I have flashed over 30 drivers the last 3 months with the cheap soic8 clip from ebay without any issue.

fixed it
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giorgoskok wrote:
I agree with Mike.

I have flashed over 30 drivers the last 3 months with the cheap soic8 clip from ebay without any issue.


Me as well. I must have flashed the same driver at least 100 times with the 4$ model which comes with the grey cable and small PCB. I find the extra cable length useful. It isn’t showing any sign of wear so far but I am very careful with my stuff.
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Finally got the drivers working , but with some problems .
The fet+1 with the attiny13a (a6 firmware), have very short times for the half clicks , nearly impossible to click . Is there any way to have longer times ?

The other driver , the one with the attiny25 (bistro firmware) seems it has one “empty” mode before moon .

Mitko
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The “ empty “ mode( its actualy a true moonlight, you can turn it off in the menu, 3th blink) is caused by the mosfet( high int resistance) and/or poor solder joints

Quote:
The fet+1 with the attiny13a (a6 firmware), have very short times for the half clicks

WIll you post a pic of that driver pls( a macro one if possible)

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giorgoskok wrote:
Finally got the drivers working , but with some problems . The fet+1 with the attiny13a (a6 firmware), have very short times for the half clicks , nearly impossible to click . Is there any way to have longer times ?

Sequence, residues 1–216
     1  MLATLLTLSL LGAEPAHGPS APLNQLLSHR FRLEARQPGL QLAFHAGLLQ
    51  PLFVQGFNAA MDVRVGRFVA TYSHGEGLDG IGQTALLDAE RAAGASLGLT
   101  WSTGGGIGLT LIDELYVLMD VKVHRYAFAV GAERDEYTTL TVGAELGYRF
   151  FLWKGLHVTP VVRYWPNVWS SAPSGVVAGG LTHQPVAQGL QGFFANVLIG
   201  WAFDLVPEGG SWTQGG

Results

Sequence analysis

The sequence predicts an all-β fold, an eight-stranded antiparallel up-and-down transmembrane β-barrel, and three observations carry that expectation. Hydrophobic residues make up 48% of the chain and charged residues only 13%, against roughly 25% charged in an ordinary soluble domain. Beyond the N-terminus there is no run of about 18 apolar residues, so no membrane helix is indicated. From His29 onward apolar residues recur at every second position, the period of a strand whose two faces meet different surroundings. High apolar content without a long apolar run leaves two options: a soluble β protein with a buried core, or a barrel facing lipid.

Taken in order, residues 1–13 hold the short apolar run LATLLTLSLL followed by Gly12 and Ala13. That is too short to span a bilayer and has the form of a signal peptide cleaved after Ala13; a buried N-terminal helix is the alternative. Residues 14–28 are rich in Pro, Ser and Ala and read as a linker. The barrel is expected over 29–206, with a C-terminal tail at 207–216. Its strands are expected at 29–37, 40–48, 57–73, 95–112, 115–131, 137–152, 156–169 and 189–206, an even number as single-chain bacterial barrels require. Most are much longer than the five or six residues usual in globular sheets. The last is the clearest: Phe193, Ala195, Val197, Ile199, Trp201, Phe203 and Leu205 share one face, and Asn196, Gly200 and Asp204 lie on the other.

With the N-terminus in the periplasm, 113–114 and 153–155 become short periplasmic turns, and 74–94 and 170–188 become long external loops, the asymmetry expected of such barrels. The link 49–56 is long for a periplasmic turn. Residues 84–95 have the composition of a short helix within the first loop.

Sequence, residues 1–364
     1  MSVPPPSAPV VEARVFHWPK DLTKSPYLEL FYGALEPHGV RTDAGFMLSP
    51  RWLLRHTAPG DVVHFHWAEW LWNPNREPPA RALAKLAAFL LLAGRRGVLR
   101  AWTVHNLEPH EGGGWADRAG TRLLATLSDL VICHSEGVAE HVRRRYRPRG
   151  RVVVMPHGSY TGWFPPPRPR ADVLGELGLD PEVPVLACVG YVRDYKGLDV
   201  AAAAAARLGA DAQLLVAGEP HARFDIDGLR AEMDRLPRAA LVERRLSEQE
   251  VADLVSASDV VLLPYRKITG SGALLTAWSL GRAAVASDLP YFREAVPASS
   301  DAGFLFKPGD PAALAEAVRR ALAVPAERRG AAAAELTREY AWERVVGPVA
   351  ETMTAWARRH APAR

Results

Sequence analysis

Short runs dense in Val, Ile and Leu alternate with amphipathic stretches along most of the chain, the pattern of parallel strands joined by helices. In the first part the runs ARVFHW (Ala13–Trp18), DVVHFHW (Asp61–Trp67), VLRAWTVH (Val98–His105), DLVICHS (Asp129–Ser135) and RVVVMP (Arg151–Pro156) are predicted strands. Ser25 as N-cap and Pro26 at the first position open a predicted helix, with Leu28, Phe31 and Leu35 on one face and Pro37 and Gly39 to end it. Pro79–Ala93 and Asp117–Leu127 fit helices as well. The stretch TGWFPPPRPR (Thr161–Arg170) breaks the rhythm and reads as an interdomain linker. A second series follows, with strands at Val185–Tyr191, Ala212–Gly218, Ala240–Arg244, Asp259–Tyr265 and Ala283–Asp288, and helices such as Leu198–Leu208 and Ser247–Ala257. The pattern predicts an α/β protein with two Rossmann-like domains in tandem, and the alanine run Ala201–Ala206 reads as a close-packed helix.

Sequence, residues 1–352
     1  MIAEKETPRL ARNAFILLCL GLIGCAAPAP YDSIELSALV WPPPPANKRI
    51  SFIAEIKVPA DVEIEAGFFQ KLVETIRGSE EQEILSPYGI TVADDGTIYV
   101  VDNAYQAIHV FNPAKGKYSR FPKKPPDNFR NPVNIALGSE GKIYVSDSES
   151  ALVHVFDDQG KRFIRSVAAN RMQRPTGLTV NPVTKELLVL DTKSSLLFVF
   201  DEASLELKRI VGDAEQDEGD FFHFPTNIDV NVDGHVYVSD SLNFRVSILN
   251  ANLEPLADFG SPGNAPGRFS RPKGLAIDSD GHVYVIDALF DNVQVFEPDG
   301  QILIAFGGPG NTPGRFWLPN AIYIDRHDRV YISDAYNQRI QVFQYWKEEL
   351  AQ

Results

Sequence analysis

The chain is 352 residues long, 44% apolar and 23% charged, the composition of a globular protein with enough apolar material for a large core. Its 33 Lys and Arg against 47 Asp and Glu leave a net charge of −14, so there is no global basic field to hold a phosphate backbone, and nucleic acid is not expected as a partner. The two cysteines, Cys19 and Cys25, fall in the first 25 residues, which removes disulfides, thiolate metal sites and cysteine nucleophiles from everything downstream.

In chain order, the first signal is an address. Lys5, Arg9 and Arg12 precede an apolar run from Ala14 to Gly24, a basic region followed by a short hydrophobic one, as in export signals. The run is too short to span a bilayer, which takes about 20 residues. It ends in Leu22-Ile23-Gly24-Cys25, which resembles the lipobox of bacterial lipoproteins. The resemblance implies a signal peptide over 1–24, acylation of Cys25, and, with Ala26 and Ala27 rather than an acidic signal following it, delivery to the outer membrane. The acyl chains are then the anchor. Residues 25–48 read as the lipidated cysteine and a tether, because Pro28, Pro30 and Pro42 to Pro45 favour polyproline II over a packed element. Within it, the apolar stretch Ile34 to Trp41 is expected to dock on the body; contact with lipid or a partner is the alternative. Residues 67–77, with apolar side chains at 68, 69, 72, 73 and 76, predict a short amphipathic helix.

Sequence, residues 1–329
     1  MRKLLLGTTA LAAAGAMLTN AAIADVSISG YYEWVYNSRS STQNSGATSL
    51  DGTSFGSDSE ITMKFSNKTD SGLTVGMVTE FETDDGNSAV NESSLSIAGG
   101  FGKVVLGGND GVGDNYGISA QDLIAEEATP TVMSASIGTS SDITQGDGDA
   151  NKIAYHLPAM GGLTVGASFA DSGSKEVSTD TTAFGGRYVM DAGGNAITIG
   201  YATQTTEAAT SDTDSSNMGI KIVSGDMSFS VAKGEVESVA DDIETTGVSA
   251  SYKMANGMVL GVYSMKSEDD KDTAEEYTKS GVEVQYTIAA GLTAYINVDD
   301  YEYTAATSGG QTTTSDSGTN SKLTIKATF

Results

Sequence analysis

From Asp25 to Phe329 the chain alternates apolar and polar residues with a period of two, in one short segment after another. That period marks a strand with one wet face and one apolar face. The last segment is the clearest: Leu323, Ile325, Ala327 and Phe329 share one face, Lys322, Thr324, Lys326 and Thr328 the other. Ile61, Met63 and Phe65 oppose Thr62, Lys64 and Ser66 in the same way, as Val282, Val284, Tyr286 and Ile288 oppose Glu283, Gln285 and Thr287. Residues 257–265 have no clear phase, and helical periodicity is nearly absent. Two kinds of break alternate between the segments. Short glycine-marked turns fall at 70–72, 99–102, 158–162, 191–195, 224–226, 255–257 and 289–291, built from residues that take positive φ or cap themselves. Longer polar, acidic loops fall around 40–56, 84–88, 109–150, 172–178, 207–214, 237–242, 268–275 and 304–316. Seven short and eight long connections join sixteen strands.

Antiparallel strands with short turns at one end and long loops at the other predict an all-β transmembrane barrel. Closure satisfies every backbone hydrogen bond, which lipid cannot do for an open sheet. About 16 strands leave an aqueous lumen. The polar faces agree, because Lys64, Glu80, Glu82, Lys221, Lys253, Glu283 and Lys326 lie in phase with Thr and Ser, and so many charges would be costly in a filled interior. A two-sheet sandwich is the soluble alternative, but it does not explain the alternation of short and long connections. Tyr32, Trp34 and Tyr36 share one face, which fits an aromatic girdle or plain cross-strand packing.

As long as the hardware is not faulty I would first try to adjust the regarding definitions in "tk-calibration.h".

// The OTC value 0.5s after being disconnected from power
// (anything higher than this is a "short press")
#define CAP_SHORT 190
// The OTC value 1.5s after being disconnected from power
// Between CAP_MED and CAP_SHORT is a "medium press"
#define CAP_MED 94 // Below CAP_MED is a long press

To increase switch times you have to decrease the values.

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Mitko wrote:
The “ empty “ mode( its actualy a true moonlight, you can turn it off in the menu, 3th blink) is caused by the mosfet( high int resistance) and/or poor solder joints

But it’s the 7135 that controls moonlight , right ? I will try to increase the value in the firmware and try again.

About the 13A drivers , the solution is probably the one Flashy Mike mentioned . Any clue how much lower should the values be ?

Sharpie wrote:

Larger or better OTC.

Try stacking another one on top, for starters.

And check the value, if your meter can measure capacitance.

It is, frankly, a rickety design, but if you can find some reliable consistent components, it seems to work far better than otherwise should be expected.

They are not cheap caps from ebay , but it’s the X7R from Farnell . Will try Mikes method before changing something Smile

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giorgoskok wrote:
Any clue how much lower should the values be ?
As a start I would leave CAP_MED unchanged and decrease CAP_SHORT in steps of 10.
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Success! fet+1 with 13A are ready!!!

Reduced both CAP_SHORT and CAP_MED by 20 and works perfect! Also changed to lower moonlight (from 3 to 2 on the 1×7135 channel) .

Edit : Still can’t find the problem on the other with the attiny25 . Moon mode is just empty…

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giorgoskok wrote:
Any clue how much lower should the values be ?

This explains how to calibrate the button timings, along with some other things:
http://bazaar.launchpad.net/~toykeeper/flashlight-firmware/trunk/view/he...

Also, the tiny25 fuse settings are in bin/flash-25.sh in the same repository.

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Thanks Tk ,
I couldn’t find this file you mentioned . Smile

Mike C
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Ive finally made some sort of firmware for my drivers available: http://budgetlightforum.com/node/46225

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Mike C wrote:
Ive finally made some sort of firmware for my drivers available: http://budgetlightforum.com/node/46225

Very nice. May I include it in the firmware repository? If so, what kind of license should I list for it?